You Can’t Go Home Again

When driving in town this afternoon, I drove by the old home place, our first home purchased in 1977.835WestEnd

My Beloved and I were a young couple with two small daughters (one barely 3 years old and the other 6 months of age). We had a checkbook with a balance that usually amounted to a couple hundred dollars. Our housing budget was minimal.

The house we found was too large (over 2,000 square feet) for our small family and it needed plenty of work. We purchased it with the expectation we’d eventually have other children. We didn’t mind a “fixer-upper” because we were young enough to embrace the challenge of improving a property.

I can’t recall when the above picture was taken, but this is the place with which we “fell in love.” If you look closely at the picture, you’ll notice my Beloved’s 1966 Pontiac LeMans convertible is visible in the left center at the end of the driveway. (How he’d love to have another one of those!)

This wasn’t a deluxe place, just lots of space and a homey feel where our children could comfortably grow up. When we moved into the house, our daughters were so young, they didn’t bring many memories of previous residences; this place was their home. Our sons were born during the earlier years we lived there, so this is the residence they also associate as home. By the time we moved from the property in 2000, we’d lived through more than two decades as the surrounding pasture lands were developed into subdivisions and the sleepy flow of traffic up and down our street had turned into a busy thoroughfare.

We “sold” the property several times … experiencing our own little housing bubble issues. The first “buyer” was a deadbeat who always paid his rent in cash, but only every other month. He was quickly booted. The second couple were more responsible about their “rent-to-own” agreement, but he ran into problems with an ex-wife and voluntarily returned the property to us before filing bankruptcy. (That was a relief!)

The next couple also requested a “rent-to-own” arrangement. We were skeptical because they had already had one foreclosure in their history. Eventually, we agreed to the arrangement with a 10% down payment, and this couple operated a small business, using the four bedroom property to shelter elderly individuals in their final months of life. They agreed to obtain a conventional mortgage after two years doing the “rent-to-own.”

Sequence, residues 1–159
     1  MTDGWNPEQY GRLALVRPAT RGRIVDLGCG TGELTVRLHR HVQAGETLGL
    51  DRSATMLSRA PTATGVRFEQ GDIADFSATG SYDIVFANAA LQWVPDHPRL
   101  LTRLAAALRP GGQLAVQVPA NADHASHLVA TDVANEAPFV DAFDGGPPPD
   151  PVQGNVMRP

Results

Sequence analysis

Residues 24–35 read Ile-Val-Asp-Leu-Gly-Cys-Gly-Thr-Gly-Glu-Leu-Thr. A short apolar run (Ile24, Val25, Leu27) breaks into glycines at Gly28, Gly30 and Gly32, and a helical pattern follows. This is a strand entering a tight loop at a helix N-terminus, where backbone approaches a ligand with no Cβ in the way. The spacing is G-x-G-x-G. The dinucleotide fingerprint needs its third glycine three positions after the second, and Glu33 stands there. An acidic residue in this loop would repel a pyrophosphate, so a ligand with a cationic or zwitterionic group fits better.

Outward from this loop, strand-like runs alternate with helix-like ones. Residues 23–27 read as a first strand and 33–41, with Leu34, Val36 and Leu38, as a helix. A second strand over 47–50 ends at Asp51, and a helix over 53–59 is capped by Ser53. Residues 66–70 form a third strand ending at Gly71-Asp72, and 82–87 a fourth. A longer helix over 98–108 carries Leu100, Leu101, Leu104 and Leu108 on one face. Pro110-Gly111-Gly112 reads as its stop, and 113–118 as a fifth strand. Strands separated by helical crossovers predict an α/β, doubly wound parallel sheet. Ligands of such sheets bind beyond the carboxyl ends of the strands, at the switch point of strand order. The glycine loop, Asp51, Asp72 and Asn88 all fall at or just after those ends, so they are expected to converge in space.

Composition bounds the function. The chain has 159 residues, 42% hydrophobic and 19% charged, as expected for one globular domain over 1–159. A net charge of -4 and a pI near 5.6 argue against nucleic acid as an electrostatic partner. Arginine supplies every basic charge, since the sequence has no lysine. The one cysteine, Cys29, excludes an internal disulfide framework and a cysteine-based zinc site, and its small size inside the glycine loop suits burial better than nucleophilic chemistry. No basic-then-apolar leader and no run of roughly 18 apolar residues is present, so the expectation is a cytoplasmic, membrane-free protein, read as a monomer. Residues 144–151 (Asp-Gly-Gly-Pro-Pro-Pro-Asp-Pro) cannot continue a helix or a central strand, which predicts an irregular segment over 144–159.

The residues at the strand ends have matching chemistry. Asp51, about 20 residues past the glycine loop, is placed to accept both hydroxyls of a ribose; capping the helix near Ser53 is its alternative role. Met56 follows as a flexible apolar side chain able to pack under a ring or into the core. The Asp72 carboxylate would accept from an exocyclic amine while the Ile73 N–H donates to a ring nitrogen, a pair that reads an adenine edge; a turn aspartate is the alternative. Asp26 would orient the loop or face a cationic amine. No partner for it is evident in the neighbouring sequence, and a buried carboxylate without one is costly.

Last year, we heard from a friend that this couple had lost the place in foreclosure. Apparently, after years caring for dying residents in this caring home setting, they were unable to obtain new residents and their income dried up.

When I drove by the property today, the grass was overgrown and it remains vacant. It’s not listed for sale; in fact, the county still lists the property being owned by the couple who took care of elderly dying folks. I’ve been told the foreclosure wheels grind slowly and without any understandable time frame.

In some ways, it’s not the same house our family knew. From the time we bought it, the exterior was painted a deep red with white shutters and trim (as pictured above). The lot, nearly half an acre, was bordered by a white three-rail fence. There were tall pine trees bordering the north side of the drive and several large trees (including a massive blue spruce) in the front yard.

Today, the house is yellow with white trim and black shutters. An extra lane of concrete parallels the driveway shown in my picture. Pine trees and blue spruce are gone. The white fence has been replaced by a wood-colored picket fence barely three feet high. That’s just the exterior.

I haven’t seen the inside. Did they keep the stone fireplace? The beautiful knotty pine walls in the living room? The spacious rounded bar we installed to accommodate our large family? The built-in hutch with its sliding glass doors?

It wouldn’t be the same house I remember, that I know. But I can almost hear the whispers as I imagine walking through each room … my children giggling and sometimes wrangling with each other … all of us gathered around the Christmas tree singing, laughing and praying. All the memories, yes, even some sad ones, embodied by one flawed but cherishable and cherished place.

There was a novel from 1940 called You Can’t Go Home Again. I half believe the title. Call me crazy, but if that house comes back on the market, I may look quite seriously at buying it as a rental.

Renée